Explaining the global diffusion of the Women, Peace and Security agenda

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The United Nations Security Council Resolution 1325 (2000) is the most significant international normative framework addressing the gender-specific impacts of conflict on women and girls including protection against sexual and gender-based violence, promoting women’s participation in peace and security and supporting their roles as peace builders in the prevention of conflict. In the decade since 2004 when the UN Secretary-General first called for Women, Peace and Security National Action Plans to implement the 1325 agenda in national-level peace and security institutions and policies, 55 countries have adopted them. This article analyses the global patterns of Women, Peace and Security policy diffusion, especially the effects of conflict, democracy and women in power on the propensity for states to implement Women, Peace and Security National Action Plans. Examining patterns of diffusion enables an assessment of how far the Women, Peace and Security agenda has spread and what the prospects are for the further diffusion of Women, Peace and Security.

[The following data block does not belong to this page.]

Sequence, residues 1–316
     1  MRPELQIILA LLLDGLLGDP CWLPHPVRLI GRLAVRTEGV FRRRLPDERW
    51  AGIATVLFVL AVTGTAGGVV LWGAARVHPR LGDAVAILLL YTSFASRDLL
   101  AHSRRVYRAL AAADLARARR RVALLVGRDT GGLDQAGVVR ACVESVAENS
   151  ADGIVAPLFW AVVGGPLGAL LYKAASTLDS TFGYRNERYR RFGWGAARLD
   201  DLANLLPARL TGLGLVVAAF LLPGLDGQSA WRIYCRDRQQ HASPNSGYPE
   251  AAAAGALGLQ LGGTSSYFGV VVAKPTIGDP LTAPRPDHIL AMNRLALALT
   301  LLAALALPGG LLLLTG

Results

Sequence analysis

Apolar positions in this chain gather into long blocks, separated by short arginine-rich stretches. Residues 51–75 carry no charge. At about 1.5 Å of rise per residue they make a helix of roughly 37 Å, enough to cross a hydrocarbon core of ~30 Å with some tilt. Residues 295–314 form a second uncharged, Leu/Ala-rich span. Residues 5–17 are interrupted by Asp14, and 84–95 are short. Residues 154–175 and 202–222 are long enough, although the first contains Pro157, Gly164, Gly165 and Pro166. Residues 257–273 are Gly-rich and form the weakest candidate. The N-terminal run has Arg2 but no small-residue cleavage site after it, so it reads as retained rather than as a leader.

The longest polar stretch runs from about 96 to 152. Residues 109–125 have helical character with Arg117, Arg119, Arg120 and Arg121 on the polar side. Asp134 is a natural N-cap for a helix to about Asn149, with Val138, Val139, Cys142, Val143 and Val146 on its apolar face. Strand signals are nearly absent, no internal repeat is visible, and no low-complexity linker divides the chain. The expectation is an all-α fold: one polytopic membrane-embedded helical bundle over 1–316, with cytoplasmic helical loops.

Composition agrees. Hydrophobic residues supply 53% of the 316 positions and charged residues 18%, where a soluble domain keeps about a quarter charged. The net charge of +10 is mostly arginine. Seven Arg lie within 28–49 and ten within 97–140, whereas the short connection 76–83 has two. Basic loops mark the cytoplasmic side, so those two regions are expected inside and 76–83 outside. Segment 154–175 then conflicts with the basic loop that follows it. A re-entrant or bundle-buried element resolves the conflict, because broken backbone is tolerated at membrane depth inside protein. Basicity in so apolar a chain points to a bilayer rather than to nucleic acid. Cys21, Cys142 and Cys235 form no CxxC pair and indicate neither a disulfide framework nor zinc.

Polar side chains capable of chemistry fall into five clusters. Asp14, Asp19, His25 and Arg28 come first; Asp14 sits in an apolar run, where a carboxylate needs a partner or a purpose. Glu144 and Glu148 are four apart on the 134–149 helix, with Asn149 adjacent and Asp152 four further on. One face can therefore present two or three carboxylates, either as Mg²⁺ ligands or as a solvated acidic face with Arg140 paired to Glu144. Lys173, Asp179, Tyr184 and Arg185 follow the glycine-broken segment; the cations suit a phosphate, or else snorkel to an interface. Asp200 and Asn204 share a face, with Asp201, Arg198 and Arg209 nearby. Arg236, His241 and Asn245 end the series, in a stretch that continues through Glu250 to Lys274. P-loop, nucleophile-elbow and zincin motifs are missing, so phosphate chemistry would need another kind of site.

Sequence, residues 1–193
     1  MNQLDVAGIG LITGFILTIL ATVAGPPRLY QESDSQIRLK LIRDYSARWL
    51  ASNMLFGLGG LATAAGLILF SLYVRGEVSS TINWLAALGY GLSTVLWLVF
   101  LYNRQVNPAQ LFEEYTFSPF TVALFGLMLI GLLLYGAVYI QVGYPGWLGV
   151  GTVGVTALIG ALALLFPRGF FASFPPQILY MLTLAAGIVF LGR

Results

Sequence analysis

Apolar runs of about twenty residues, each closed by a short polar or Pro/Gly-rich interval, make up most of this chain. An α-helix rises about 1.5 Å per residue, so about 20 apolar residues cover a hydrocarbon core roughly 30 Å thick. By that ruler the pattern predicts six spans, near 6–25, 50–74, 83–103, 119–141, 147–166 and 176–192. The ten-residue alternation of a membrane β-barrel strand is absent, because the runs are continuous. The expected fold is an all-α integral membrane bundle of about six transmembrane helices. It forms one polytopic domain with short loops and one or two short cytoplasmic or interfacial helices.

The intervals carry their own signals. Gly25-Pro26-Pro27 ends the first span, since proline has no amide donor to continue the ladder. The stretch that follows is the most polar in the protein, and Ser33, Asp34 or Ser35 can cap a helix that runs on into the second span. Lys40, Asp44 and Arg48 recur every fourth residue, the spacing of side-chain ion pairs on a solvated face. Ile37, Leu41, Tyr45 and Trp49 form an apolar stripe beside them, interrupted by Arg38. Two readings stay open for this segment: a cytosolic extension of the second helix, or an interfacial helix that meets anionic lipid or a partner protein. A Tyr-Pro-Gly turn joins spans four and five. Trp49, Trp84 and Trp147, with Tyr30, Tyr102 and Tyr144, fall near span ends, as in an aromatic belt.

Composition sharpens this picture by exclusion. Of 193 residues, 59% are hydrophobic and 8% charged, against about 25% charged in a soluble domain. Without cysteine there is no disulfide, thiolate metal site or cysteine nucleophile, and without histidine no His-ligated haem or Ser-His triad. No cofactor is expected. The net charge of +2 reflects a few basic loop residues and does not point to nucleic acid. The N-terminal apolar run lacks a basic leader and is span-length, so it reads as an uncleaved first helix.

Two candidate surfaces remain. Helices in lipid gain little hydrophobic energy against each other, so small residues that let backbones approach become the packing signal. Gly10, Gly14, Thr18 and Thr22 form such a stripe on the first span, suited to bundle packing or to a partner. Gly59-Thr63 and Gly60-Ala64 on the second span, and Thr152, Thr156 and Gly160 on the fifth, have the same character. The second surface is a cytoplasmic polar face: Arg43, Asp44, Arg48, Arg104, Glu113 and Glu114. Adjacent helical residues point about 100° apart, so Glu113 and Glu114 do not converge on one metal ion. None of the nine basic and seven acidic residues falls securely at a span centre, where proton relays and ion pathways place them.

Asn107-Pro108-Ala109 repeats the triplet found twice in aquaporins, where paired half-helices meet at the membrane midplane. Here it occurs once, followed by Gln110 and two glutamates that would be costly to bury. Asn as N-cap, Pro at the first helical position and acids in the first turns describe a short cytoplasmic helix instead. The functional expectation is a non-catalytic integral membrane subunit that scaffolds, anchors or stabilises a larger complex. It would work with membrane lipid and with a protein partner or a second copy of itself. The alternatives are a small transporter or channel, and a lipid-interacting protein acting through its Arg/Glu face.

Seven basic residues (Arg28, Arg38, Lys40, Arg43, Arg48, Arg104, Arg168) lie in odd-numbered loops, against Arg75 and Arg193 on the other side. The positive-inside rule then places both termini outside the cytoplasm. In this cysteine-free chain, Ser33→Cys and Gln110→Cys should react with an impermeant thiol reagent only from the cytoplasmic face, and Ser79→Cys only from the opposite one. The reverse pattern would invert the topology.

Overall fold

Original languageEnglish
Pages (from-to)307-323
Number of pages17
JournalInternational Political Science Review
Issue number3
Publication statusPublished - 1 Jun 2016


  • gender equality
  • international security
  • Norm diffusion
  • peace and security
  • United Nations
  • women

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